Filthy Lucre - Dragon's Crown Pro (REVIEW)

Filthy Lucre - Dragon's Crown Pro (REVIEW)

written by Justin Prince (@prince_justin)

A world of high fantasy, tales of brave knights and mystical wizards have encapsulated pop culture for as long as I can remember. Thinking back to my first experience with high fantasy, it wasn't the well crafted worlds of Tolkien fiction. No my dear geeks, my first experience was from cheesy choose your own adventure books and D&D campaign guides.

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The best way to summarize what you can expect with Dragon's Crown Pro is a paper-thin narrative full of so much cheese one would think that would be a major flaw... but really it isn't. This release is the definitive version of the same game that came out on PS3 and PS Vita back in 2013. Dragon's Crown is like a homage to classic side-scrolling RPGs of yesteryear with a new coat of paint. Throw in some modern RPG elements and we've got ourselves a game with all the charm of old arcades with a gorgeous visual style that looks ripped from the pages of a high-fantasy manga.

For our current generation of players, Atlus and Vanillaware ravamped the title with visual and audiop upgrades for the PS4. Whether you played Dragon's Crown five years ago or Dragon's Crown Pro is your first foray into this action RPG, your hunt for the mythical Dragon's Crown is sure to bring smile to your face.

As far as gameplay is concerned, Dragon's Crown is a side-scrolling action RPG which plays like classic 16 bit era beat-em-ups. Up to four players can tackle missions simultaneously, picking from six character archtypes with unique gameplay for each one. You progress through levels facing all manner of dungeon dweller or ghastly beast. Chasing down loot and taking down unique level bosses round out the gameplay experience. Basically... it's a brawler with a few tricks up its sleeve.

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If you don't want to play some couch-co-op or play online, you can recruit AI controlled companions based on one fo the six character archetypes. This is accomplished by finding remains in the game's various dungeons. These remains can be taken to the church to either have the adventurer resurrected or out the adventurer to rest. These AI companions are comparable top the level you found their remains, if you find some old bones in a low level dungeon, you may find it better to let the soul rest rather than resurrecting a weak companion.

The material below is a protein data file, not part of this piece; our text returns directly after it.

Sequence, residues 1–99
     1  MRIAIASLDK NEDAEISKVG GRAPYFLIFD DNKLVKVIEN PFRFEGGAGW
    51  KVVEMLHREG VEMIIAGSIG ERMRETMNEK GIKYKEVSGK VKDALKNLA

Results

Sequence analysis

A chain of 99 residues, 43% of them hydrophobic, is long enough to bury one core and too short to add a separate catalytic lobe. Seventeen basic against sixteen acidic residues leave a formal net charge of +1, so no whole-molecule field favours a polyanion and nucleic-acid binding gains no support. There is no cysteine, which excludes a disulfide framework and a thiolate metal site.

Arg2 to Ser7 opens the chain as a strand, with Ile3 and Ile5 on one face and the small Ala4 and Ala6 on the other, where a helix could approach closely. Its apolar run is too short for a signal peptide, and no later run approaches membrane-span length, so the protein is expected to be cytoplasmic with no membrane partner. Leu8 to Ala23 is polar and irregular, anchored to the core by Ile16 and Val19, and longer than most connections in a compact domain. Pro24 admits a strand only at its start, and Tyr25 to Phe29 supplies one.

As for the RPG element, a heavy emphasis is placed on leveling up stats and acquiring new gear with players able to revisit levels to discover secret routes, hidden bosses, and side-quests handed out by the guild.

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What feels like a bit of a let down was the paper-thin narrative we got... something about a princess and a dragon, there's a crown involved and yadda yadda. I wasn't kidding when I mentioned that the story felt quite cheesy. This is made up for in the game's action, which can get pretty crazy when you have a full party of four running around these narrow corridors. Players that crave a deep narrative will have issues with the game, Dragon's Crown leans heavily on the gameplay with constant back-tracking and loot-grinding at the game's core. This isn't a game for the casual story loving player, but rather a game for the completionist to obsess over until every single secret is uncovered.

More so, if you are a PS4 Pro user, there is a lot to take in here with the game receiving an impressive 4K upgrade with immediately noticeable jump is visual fidelity. The score was also completely re-recorded with a full orchestra.

VERDICT

To be honest, Dragon's Crown isn't for everyone. It was a divisive title back in 2013 and it's a divisive title now. Personally, as a huge fan of the original title and with my reputation as an obsessive gamer hell-bent on completing everything I can in a game... this was a no brainer for me. While not for everyone, for the people this game is for, it sure is a sight to behold.

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4 OUT OF 5

Grindy... but the fun kind of grindy...

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